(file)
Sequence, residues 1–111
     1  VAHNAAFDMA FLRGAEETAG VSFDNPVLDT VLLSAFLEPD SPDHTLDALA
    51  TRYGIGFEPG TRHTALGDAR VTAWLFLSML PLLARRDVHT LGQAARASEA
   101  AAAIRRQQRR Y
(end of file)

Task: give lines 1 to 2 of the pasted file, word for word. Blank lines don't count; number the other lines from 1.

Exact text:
Sequence, residues 1–111
     1  VAHNAAFDMA FLRGAEETAG VSFDNPVLDT VLLSAFLEPD SPDHTLDALA